The team of students known as MARCH, from Delft University of Technology, presented an improved version of their exoskeleton last week. Such an exoskeleton enables paraplegics to walk again. One of the new additions is an ankle joint.

The MARCH project is designed to help people with paraplegia, who are paralysed from the waist down, to walk again. The exoskeleton is fastened to the waist and the legs, enables the person to get up out of their wheelchair and then provides the walking motion. The person supports themselves using crutches. These crutches contain the controls, so the person can choose between standing up, walking, stopping, sitting down again, etc.

Ankle joint

The new design includes a number of new features. Unusually for an exoskeleton, there is now an ankle joint to accommodate the up and down motion of the foot. ‘This allows the person to roll their foot from heel to toe, giving them a much more pleasant walking motion,’ explains Magali Ponds of the team of students. The foot movement happens automatically, without the user having to press a button to operate this function of the exoskeleton.

Variable step size

Another new function is that the step size can be adjusted to the user, allowing them to select the pace that suits them best. To make it easier to fasten the exoskeleton, the securing point on the shin is now removable.

There is also greater focus on points at which the exoskeleton supports the body. ‘This is to prevent sores. We wanted particularly to relieve the area around the coccyx.’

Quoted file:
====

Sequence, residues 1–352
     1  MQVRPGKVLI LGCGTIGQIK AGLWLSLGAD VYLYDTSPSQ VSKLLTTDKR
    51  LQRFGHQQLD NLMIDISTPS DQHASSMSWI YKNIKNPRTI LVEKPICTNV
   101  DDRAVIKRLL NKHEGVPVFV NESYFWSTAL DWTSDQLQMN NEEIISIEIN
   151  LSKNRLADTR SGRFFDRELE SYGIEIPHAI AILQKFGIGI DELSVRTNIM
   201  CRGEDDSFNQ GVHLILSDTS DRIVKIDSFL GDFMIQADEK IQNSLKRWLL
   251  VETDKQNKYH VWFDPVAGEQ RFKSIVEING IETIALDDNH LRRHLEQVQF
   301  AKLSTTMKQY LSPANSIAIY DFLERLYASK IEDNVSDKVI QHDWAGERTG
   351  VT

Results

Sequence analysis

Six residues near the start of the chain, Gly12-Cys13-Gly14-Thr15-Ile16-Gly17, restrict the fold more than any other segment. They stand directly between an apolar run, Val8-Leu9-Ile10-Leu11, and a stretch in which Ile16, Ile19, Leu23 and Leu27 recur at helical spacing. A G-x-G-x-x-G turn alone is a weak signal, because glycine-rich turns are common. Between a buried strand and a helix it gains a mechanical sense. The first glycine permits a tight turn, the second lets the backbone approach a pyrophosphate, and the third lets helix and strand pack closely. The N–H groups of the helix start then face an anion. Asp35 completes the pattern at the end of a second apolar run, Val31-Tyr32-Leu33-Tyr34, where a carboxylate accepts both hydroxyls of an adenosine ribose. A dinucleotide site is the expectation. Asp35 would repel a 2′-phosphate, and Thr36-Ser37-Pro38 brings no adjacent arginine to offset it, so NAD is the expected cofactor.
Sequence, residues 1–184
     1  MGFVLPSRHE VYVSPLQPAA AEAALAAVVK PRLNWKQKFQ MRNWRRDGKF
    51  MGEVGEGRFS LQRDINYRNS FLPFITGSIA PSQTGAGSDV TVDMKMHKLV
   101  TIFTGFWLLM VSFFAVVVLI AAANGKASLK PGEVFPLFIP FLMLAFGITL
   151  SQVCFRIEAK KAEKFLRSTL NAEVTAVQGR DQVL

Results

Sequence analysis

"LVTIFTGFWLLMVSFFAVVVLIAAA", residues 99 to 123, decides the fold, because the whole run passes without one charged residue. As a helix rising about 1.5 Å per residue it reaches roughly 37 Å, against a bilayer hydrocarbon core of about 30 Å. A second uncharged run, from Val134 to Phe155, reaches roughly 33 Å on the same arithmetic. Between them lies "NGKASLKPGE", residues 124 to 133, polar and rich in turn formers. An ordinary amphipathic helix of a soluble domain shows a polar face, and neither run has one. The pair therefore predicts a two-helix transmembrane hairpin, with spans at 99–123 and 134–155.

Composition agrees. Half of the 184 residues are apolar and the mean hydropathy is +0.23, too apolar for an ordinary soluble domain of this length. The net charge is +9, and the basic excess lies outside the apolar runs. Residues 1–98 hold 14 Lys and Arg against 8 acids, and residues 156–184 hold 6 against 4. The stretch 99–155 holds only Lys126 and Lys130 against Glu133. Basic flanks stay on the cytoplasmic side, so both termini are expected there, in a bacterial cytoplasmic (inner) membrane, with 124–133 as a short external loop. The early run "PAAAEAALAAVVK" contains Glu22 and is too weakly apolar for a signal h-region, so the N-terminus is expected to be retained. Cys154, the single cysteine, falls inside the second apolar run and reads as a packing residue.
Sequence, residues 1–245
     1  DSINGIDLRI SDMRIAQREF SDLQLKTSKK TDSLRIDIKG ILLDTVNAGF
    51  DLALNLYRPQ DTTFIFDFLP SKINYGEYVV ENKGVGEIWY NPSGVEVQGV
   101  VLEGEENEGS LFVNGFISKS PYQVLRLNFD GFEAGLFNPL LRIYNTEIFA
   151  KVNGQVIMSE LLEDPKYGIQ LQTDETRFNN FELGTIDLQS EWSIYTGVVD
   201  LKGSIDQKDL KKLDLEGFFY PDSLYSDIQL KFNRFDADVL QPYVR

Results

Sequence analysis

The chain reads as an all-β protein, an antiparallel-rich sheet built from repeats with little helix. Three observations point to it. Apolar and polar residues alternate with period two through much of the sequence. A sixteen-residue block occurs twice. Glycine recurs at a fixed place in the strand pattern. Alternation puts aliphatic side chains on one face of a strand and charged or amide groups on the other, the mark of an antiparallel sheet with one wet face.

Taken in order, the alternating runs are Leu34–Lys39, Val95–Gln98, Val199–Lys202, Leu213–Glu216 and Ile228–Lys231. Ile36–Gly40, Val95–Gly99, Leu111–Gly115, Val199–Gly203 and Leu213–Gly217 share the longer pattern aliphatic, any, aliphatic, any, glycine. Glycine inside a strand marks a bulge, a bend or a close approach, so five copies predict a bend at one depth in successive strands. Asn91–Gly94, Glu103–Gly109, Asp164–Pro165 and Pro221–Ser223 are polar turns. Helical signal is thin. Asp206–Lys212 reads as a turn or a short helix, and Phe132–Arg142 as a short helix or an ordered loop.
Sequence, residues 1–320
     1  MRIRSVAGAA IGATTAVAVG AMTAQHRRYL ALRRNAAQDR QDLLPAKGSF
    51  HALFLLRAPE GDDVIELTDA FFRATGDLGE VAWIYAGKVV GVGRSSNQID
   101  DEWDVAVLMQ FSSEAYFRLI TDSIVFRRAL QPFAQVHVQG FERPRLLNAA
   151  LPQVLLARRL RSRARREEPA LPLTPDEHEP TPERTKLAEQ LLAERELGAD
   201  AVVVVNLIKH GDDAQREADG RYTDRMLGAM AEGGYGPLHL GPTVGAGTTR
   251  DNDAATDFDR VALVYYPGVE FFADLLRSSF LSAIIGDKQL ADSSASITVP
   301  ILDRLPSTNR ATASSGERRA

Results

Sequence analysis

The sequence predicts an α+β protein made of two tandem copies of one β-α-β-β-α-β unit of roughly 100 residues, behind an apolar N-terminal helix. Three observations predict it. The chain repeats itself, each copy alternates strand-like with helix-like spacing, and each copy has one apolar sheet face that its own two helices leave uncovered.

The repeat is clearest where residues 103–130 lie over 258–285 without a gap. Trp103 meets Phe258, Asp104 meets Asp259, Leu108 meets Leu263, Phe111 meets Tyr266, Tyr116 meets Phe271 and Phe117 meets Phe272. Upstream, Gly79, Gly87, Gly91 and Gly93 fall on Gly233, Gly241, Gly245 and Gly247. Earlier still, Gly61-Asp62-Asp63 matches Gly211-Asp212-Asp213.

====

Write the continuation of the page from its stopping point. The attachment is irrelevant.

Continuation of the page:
The motors of the joints for the hips and the knees have been redesigned. ‘We have optimised these for greater power and speed, which helps to make the walking motion feel more natural.’ The operating system electronics and the software were also upgraded.


Now that the design is ready, production of the parts will start. Then comes the assembly. ‘We expect the exoskeleton to be ready for use in May.’

The MARCH III project is part of the annual international competition that is once again expected to take place this autumn. Last year, the team from Delft came second. Because the intention is that the skeleton will take on all sorts of obstacles, it also has functions such as ‘climbing stairs’ and ‘walking on an uneven surface’.

This year, Sjaan Quirijns will be the one operating the exoskeleton during the competition. She has been a paraplegic since 2000. Ponds: ‘Once we have tested the skeleton for reliability and ease of use, Sjaan will begin training with it in the summer. We will then fine-tune the skeleton using the software to discover what she feels comfortable with.’

The competition is planned for the autumn. ‘We're not yet 100% certain that it will go ahead, or where the venue will be.’

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Opening image: MARCH III presentation.

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